St. John’s publishing began producing Casper comics in 1949- and in 1952 the license for Casper comics was assumed by Harvey Comics. Harvey purchased Casper (as well as other Famous characters) outright in 1959 and all these characters soon appeared on the TV show Matty’s Funday Funnies. Some of the Casper films had previously been purchased in 1956 by TV distributor U.M.&M.T.V. Corp. When these films were packaged for television the original credits were often removed and replaced with new credits that included a reference to U.M.&M.T.V. Included below is a link to one such film A Hunting We Will Go, since it’s interesting that in the screen credit where it should have read Featuring Casper the Friendly Ghost, the ‘replaced’ credits instead read Featuring Caspers Friendly Ghost.

Interesting controversies among Casper fans have to do with whether Casper is actually a dead child! And if so…how did Casper die??  At some point the ‘dead child’ concept was replaced by the concept of Casper belonging to a particular class of supernatural beings…ghosts! However when Casper appeared in Harvey Comics in the ‘60’s and ‘70’s it appeared that Casper was a ghost because his parents were already ghosts when they married. It wasn’t until the 1995 Casper feature film that the ‘dead child’ idea was revived along with an account of how Casper had died…. of pneumonia at the age of twelve due to overindulging in a day of sledding! The film even disclosed Casper’s full name… Casper McFadden.

I’m including a few typed and hand-written Casper ‘story ideas.’ These are only a few of the over seventy five Casper story ideas I found among my dads things. Story ideas could be submitted by people who worked in the story department… or by anyone else in the Studio. If a story was used one could earn a few extra dollars. I love that often the stories submitted were totally hand-written— even the typed ones were pretty messy looking when measured against today’s standards. It didn’t seem to matter---

Click on any image to enlarge
The first 'story idea' below was written by one of Casper's creators, Seymour Reit. It's two pages long and was submitted together with three other stories. The note at the top indicates that all four were purchased for $100. and adds "additional sum if any used (to make up to $300)." Not dated. Collection: Virginia Mahoney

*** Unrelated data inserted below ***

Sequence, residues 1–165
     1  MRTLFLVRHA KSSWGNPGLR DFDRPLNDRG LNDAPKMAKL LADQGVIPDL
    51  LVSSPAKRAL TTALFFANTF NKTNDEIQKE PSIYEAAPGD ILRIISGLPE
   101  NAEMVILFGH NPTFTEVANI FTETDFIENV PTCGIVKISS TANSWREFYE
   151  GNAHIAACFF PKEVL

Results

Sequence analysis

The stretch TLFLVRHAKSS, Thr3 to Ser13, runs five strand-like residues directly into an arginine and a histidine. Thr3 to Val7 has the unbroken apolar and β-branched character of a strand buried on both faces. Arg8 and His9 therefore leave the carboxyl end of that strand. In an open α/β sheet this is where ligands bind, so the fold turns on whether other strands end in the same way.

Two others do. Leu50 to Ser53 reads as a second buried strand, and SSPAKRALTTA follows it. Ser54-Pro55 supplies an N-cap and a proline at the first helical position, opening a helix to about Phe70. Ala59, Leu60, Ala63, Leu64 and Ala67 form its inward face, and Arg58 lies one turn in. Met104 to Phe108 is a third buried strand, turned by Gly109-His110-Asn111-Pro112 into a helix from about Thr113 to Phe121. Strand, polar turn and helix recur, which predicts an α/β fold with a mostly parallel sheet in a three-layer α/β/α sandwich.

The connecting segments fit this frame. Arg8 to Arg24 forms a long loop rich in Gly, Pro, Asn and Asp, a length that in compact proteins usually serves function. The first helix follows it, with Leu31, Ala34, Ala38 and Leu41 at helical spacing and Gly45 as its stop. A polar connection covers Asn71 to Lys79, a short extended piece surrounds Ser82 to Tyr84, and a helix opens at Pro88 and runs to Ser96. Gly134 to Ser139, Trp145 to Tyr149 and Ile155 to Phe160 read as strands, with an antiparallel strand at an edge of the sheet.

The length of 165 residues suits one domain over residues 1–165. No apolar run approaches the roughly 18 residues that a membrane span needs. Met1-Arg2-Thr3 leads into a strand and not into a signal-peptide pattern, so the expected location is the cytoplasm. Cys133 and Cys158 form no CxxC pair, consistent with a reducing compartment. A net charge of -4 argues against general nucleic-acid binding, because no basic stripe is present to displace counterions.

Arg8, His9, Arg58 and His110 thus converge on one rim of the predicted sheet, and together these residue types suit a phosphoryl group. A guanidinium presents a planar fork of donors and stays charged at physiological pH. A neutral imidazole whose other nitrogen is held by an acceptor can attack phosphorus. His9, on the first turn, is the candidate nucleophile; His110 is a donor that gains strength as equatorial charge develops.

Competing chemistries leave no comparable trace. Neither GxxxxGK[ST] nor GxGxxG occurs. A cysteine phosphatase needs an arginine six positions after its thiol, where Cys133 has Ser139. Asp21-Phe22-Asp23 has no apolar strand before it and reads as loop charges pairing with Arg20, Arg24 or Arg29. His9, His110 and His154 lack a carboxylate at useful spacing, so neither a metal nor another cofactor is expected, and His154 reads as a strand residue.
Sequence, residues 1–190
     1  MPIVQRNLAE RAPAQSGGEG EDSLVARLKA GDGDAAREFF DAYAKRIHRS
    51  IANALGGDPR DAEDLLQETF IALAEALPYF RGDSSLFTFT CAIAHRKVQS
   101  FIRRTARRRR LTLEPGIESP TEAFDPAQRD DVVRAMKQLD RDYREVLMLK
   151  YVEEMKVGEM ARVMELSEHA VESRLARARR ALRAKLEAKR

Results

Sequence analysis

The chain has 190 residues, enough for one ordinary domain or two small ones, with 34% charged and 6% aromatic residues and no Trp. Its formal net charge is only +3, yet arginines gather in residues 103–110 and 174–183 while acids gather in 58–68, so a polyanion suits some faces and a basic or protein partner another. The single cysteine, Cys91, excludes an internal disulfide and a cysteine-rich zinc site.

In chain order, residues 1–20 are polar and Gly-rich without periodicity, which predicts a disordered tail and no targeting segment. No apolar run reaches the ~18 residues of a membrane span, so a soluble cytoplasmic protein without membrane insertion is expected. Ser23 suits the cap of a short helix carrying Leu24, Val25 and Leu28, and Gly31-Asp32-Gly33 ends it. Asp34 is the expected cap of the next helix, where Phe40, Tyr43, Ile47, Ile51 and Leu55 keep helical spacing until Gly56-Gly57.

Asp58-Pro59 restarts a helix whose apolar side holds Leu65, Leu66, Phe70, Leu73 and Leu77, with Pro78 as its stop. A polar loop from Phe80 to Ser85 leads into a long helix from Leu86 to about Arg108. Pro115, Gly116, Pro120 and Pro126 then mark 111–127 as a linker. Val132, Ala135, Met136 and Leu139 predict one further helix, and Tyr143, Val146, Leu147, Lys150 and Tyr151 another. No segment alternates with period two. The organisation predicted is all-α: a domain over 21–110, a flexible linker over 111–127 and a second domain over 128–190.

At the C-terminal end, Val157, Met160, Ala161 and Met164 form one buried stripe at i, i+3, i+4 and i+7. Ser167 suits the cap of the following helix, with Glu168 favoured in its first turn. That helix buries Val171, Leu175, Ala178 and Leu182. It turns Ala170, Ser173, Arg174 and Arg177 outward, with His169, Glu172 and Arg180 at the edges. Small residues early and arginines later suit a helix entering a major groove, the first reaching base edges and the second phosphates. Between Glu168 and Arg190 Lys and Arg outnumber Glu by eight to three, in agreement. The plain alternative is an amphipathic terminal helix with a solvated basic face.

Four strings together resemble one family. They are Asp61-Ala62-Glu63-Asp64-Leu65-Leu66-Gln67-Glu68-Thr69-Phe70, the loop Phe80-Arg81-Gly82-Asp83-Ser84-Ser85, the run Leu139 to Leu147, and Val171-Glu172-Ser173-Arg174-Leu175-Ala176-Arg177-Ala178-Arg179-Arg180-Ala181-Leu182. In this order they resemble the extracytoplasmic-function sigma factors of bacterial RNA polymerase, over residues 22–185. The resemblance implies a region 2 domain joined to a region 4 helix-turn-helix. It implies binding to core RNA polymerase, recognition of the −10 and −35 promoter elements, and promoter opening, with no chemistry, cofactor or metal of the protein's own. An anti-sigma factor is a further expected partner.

The story idea (and drawing) below were submitted by Dave Tendlar. Dave began working at Fleischer Studios in 1931, and worked there and at its successor, Famous Studios, until the mid 1950's. He worked as both an animator and Director. After Famous Studios he continued to work in animation for a number of other studios including Terrytoons and Hanna-Barbera. Note that both pages are on pegged animation paper, and that Casper is still looking chunky (later he became more sleek). Dated Sept. 12, 1949. Collection: Virginia Mahoney

This last story idea below is by my dad, Seymour Kneitel. As the boss he was always looking for ways to keep costs down-- he's titled this "Chisel angle for a Casper picture." It involves a clever re-use of old footage. Dated Nov. 12, 1956. (Thanks to the comments below from 'J. Lee' who points out this is likely the idea for the film Ghost Writers which was released in 1958- that films on-screen credit for direction is given to Seymour Kneitel, and for writing to Jack Mercer. I would guess that Mercer may have taken this brief premise and expanded it. Staff in those days were very versatile- in additional to writing stories, Jack Mercer was an assistant animator and the voice of Popeye!) Collection: Virginia Mahoney

PS: Seymour Kneitel directed many of the Casper films- next post will be more about some of the people behind the scenes who worked on Casper films.